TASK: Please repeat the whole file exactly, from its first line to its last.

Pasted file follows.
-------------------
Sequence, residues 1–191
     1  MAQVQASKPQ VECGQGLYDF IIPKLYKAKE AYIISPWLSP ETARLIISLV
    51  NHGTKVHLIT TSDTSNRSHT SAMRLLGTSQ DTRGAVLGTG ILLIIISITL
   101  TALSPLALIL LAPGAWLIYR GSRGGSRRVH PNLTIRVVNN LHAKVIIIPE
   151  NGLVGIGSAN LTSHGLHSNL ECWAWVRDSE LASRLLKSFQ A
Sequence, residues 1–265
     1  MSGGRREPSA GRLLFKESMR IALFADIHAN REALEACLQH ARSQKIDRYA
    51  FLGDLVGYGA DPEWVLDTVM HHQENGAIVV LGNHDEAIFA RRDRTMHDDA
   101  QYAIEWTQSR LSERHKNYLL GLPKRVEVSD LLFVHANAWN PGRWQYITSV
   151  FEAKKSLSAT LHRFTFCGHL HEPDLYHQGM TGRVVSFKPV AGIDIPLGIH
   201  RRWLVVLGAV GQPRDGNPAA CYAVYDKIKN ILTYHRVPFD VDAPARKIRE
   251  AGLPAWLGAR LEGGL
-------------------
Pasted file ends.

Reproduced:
Sequence, residues 1–191
     1  MAQVQASKPQ VECGQGLYDF IIPKLYKAKE AYIISPWLSP ETARLIISLV
    51  NHGTKVHLIT TSDTSNRSHT SAMRLLGTSQ DTRGAVLGTG ILLIIISITL
   101  TALSPLALIL LAPGAWLIYR GSRGGSRRVH PNLTIRVVNN LHAKVIIIPE
   151  NGLVGIGSAN LTSHGLHSNL ECWAWVRDSE LASRLLKSFQ A
Sequence, residues 1–265
     1  MSGGRREPSA GRLLFKESMR IALFADIHAN REALEACLQH ARSQKIDRYA
    51  FLGDLVGYGA DPEWVLDTVM HHQENGAIVV LGNHDEAIFA RRDRTMHDDA
   101  QYAIEWTQSR LSERHKNYLL GLPKRVEVSD LLFVHANAWN PGRWQYITSV
   151  FEAKKSLSAT LHRFTFCGHL HEPDLYHQGM TGRVVSFKPV AGIDIPLGIH
   201  RRWLVVLGAV GQPRDGNPAA CYAVYDKIKN ILTYHRVPFD VDAPARKIRE
   251  AGLPAWLGAR LEGGL